“I am wondering if your goals still include this, because if they don’t, I would like to adjust the feedback I give you so it is most useful.”


Personal Potential

I think it is important that we go back, though, to the perspective of the educator in defining the profession as well as potential — the story of that educator’s life and journey in dance, and in professional dance.

Not all educators have engaged in professional dance and not all educators have engaged in the type of professional dance that may speak to that student. (See Nichelle’s great article about Defining Dolly Dinkle Dance and the brilliant commentary).


So how are you determining your potential in educating dancers?


First Sprout” by Cristina is licensed CC BY 2.0

Heather Vaughan-Southard
Heather Vaughan-Southward specializes in connection and community building. She offers project-based learning in K-12 and healthcare contexts, pedagogy consultation, and creative-self-care experiences. Heather formerly directed dance programs in Higher Education and K-12 settings and danced professionally in Chicago, NYC, Los Angeles, and through-out Michigan. She represents Dance for the Michigan Arts Education Instruction and Assessment project (MAEIA), serves as a columnist for Dance Advantage, authors the blog EducatingDancers, and was invited to the Editorial Board of the Journal of Dance Education. She is a national conference presenter in the fields of dance and movement pedagogy and is completing a comprehensive pilates certification through the McEntire School. Heather currently serves as Director of Health and Education Services for Happendance, Inc., a non-profit dance organization based in Michigan. Heather is married to author Scott D. Southard and has two children who seem to be in perpetual motion.
Heather Vaughan-Southard


  1. Great suggestions for a very sensitive topic. I have found with teen students that they often don’t really know what they want. They can rarely be objective about their skills which is why it’s critical their teachers direct them properly. Specificity is important with teens. When I prepare students for auditions, I always tell them at least one specific thing they have as a gift (a high arabesque, a fast head spot, etc.) because when they get nervous or overwhelmed they need a specific positive image of themselves to hold onto.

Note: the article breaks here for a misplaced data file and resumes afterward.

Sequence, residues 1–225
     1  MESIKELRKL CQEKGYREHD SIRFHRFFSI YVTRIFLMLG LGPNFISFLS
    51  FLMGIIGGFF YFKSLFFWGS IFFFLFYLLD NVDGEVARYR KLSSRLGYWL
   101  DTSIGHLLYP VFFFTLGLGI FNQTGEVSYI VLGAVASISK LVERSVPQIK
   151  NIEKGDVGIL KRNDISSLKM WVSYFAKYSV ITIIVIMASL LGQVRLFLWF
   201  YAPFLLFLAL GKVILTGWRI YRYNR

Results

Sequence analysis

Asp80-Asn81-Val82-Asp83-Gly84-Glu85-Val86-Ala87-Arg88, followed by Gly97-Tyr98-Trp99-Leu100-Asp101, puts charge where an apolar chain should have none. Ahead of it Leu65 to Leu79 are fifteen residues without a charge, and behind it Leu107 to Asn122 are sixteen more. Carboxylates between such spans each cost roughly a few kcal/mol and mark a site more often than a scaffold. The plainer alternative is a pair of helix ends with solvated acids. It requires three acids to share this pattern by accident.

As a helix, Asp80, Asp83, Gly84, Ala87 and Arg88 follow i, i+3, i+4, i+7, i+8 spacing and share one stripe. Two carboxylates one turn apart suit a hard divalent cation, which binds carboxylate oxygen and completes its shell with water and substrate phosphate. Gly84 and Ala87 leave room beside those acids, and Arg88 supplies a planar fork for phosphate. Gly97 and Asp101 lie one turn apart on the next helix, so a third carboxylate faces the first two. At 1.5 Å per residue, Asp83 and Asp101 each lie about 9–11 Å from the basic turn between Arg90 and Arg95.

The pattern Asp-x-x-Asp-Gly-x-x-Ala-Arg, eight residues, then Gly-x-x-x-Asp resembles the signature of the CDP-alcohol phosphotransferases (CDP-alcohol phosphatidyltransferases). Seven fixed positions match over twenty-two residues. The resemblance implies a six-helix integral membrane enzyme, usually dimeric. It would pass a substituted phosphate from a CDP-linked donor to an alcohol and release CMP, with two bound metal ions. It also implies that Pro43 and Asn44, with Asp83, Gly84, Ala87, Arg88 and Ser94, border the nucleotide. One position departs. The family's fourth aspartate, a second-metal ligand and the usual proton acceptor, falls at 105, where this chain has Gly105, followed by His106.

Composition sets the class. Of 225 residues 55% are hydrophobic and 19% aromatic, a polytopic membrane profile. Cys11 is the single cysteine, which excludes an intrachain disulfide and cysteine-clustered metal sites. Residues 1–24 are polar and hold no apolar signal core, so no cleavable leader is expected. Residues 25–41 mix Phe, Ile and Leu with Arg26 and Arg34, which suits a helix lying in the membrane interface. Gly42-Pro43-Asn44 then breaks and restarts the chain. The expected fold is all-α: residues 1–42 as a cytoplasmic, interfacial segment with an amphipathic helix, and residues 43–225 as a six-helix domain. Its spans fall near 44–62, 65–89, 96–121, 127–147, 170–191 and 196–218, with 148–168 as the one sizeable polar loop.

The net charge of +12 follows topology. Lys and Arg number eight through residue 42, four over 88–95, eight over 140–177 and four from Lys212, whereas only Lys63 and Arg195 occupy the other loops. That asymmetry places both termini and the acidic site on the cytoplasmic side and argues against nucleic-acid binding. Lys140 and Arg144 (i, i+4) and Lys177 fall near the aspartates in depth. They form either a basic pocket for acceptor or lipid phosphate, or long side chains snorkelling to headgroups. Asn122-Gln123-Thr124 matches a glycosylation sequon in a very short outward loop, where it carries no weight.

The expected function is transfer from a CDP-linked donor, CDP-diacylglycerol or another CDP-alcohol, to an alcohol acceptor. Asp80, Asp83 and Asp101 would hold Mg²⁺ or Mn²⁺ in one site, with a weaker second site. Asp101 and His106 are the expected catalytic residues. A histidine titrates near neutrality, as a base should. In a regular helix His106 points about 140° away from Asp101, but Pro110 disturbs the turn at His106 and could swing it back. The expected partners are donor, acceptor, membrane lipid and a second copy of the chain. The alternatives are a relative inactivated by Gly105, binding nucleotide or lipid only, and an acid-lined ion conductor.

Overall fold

I think the *way* teachers talk about this with students reflects more of the teacher’s insecurities and anxieties. Some teachers are still competitive with their students – perhaps they are not yet ready to transition to teaching. Some never performed and overcompensate for what they perceive as a lack in their own resume. Still others care so much for their students that they worry for them because, let’s face it, the pro dance world can be crushing. If teachers look inward before answering a student’s question about potential, they might find a kinder and gentler response.

  2. Hi, I’m the mother of a ballet student (almost 13) and just wanted to say this: Two years ago she was identified as talented and offered private coaching for competition work. The (lovely and very experienced) teacher told me my daughter had ‘a ton of potential’. I was very excited, and she has made great progress since then. BUT I wish I had known back then what ‘potential’ meant. I hear proud mamas saying that their child has been told they are talented, could go far, etc etc. And I don’t know how to say to them “But do you want your child to have a career in dance?” I feel so cynical saying this, but I guess I just feel much more in touch with reality now as she approaches her teens and I see how many sensational ballet dancers there are in the world. (At the moment she loves her dancing, but wants to be an anaesthetist. I’m quietly relieved!)